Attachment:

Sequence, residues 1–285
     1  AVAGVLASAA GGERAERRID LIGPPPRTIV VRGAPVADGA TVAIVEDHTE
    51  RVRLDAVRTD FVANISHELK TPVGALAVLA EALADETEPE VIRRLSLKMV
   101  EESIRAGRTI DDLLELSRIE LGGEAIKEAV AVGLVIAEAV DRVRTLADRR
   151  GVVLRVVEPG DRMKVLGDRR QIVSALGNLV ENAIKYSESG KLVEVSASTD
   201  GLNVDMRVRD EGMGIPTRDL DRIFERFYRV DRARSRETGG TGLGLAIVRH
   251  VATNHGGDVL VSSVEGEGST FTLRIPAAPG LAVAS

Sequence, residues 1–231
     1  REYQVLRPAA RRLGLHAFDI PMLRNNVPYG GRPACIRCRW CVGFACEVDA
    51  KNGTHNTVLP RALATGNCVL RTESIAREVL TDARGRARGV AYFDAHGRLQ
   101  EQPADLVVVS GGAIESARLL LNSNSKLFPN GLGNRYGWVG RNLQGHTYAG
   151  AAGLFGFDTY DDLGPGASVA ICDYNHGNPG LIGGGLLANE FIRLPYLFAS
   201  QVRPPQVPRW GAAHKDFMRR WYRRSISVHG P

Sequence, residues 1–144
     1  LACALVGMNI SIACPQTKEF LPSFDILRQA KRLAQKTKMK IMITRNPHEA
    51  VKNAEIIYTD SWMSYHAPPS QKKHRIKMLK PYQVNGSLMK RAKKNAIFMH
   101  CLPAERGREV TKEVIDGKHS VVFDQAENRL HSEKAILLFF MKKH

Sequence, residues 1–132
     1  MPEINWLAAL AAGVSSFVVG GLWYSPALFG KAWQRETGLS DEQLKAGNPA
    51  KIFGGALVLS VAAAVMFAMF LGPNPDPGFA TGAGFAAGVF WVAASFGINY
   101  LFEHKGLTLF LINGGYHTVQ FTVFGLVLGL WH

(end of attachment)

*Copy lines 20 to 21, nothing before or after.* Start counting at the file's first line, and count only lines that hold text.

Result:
    51  KIFGGALVLS VAAAVMFAMF LGPNPDPGFA TGAGFAAGVF WVAASFGINY
   101  LFEHKGLTLF LINGGYHTVQ FTVFGLVLGL WH